Audioboom’s revenue has dropped by almost 30% year-on-year, according to the company’s latest financial results, despite a strong performance in attracting advertisers to its platform.
The company’s half-year results for H1 2023, released this morning, included revenue of $31.8 million, down from $40.9 million in the first half of last year. This includes a 6.5% increase in Q2 revenue compared to the previous quarter, and comes despite an 11% drop in year-on-year operational expenditure thanks to greater cost-cutting measures.
Audioboom has put a great deal of focus on expanding partnerships within its creator network this year. The company has also seen a 24% increase in the number of brand advertisers compared to Q1 2023.
"Significant growth of our content network and the continued development and evolution of our revenue product offering is key to our progress in 2023,” said Audioboom CEO Stuart Last. “Our strategy and model continue to work well, with the fast expansion of our network and the refocusing of our advertising strategy setting us up to emerge from the economic downturn in a position of strength.”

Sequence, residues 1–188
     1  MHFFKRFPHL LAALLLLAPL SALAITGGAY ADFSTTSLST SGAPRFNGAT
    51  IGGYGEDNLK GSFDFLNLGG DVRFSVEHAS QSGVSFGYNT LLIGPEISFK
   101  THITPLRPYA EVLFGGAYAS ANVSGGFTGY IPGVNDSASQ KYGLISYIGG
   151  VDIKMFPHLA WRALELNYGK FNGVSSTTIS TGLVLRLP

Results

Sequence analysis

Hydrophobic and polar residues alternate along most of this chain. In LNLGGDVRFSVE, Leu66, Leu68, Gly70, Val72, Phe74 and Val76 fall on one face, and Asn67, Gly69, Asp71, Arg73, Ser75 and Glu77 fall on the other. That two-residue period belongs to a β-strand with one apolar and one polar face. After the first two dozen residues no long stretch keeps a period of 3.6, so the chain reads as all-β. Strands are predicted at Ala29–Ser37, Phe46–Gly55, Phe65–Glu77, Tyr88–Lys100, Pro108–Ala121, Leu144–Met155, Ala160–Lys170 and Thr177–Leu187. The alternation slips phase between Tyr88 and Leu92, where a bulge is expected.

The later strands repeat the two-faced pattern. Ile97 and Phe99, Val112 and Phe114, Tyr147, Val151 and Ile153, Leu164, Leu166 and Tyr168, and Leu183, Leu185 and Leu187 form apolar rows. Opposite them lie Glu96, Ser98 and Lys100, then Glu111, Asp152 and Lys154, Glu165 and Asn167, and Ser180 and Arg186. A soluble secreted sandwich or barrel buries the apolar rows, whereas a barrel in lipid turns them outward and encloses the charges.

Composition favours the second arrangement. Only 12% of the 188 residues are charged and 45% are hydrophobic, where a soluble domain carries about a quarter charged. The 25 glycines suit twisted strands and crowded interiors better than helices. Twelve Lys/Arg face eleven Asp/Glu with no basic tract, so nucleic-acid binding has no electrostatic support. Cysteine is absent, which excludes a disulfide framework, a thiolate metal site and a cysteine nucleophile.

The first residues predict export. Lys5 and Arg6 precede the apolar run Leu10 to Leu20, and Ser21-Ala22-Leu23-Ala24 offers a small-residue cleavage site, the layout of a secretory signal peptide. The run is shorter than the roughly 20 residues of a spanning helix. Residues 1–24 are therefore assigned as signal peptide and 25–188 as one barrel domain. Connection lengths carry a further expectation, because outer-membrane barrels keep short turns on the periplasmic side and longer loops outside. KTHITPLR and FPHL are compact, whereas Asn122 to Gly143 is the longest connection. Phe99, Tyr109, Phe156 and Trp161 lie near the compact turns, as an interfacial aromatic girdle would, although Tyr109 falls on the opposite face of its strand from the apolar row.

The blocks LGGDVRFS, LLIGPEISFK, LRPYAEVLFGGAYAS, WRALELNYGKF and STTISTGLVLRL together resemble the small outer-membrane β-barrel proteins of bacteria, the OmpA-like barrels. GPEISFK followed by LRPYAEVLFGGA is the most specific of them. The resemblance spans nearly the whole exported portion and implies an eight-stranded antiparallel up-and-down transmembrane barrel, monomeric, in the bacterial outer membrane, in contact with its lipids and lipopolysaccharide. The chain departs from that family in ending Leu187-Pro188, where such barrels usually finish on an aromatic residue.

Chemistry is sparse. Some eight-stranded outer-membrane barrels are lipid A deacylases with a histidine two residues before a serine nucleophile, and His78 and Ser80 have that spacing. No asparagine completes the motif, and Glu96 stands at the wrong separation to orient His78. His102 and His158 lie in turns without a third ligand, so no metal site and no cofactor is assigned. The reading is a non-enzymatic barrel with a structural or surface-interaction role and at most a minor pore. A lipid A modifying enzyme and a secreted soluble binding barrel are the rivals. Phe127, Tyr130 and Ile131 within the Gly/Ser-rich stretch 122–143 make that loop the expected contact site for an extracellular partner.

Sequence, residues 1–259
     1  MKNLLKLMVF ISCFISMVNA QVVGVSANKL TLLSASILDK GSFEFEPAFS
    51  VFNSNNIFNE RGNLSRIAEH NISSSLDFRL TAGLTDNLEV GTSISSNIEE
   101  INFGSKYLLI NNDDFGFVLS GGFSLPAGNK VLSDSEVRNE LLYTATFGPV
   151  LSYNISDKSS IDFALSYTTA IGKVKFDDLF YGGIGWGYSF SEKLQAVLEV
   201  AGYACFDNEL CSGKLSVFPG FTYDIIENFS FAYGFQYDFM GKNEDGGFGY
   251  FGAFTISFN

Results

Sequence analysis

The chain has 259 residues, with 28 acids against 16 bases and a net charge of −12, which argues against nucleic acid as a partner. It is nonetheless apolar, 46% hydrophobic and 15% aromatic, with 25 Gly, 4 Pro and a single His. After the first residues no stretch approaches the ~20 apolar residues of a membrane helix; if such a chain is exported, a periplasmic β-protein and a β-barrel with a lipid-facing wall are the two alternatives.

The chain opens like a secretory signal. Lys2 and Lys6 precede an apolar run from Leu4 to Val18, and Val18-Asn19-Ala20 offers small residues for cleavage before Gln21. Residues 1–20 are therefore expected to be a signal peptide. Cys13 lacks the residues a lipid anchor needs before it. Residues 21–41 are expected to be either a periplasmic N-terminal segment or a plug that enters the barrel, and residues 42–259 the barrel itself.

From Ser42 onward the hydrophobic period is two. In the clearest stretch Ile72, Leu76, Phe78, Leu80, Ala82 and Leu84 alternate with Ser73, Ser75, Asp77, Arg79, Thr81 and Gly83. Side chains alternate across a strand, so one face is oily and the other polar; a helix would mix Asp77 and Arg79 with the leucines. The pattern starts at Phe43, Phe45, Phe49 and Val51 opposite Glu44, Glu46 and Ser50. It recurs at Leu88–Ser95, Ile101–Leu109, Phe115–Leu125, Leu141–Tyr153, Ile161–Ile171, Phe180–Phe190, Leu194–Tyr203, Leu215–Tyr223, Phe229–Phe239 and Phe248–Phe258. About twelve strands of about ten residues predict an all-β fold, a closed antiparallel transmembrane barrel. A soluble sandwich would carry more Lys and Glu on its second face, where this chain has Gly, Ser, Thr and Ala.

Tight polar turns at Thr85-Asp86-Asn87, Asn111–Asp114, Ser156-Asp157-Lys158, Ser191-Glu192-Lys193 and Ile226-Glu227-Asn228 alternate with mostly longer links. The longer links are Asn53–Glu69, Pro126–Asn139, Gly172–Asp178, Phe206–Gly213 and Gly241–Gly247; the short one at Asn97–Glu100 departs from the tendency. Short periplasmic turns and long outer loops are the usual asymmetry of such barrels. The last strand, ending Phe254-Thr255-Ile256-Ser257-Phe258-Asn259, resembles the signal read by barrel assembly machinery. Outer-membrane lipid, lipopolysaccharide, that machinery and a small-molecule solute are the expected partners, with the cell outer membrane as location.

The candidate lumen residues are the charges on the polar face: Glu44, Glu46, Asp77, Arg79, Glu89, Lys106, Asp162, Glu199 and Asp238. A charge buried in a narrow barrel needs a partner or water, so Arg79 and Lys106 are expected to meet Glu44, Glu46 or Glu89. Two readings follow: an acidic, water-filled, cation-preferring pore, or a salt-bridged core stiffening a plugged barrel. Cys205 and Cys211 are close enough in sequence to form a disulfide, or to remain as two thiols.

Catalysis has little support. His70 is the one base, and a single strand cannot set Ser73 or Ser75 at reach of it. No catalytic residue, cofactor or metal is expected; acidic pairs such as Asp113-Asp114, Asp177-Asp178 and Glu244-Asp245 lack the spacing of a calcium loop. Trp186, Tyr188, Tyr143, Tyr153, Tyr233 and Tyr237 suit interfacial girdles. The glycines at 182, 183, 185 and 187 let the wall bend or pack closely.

The majority of the platform’s revenue drop has been attributed to the loss of flagship podcast Morbid, the impact of which continues to be felt after its departure from Audioboom in May last year. According to the filing, the highly popular true crime show was responsible for over $7 million in revenue by itself in H1 2022.
Even taking this into account, however, the company has still been affected by headwinds in the wider advertising market, and a muted spending environment has resulted in a 5% year-on-year revenue drop even with the revenue generated from Morbid in 2022 removed from the equation.
While Last said the company has reduced expectations due to the “softer advertising market since the second half of 2022”, it remains bullish about the potential for the rest of the year, and expects to return to meaningful growth.
“We continue to refine and adapt our model so that we are primed for further success,” he said, “which will be seen in the second half of 2023 as we move back into a positive growth phase."